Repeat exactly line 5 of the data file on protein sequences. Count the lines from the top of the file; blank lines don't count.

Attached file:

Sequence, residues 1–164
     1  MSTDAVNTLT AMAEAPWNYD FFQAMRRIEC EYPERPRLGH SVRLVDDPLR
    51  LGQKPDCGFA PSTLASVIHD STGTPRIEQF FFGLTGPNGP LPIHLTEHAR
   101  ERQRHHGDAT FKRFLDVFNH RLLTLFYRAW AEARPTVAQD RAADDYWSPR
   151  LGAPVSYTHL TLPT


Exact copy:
   151  LGAPVSYTHL TLPT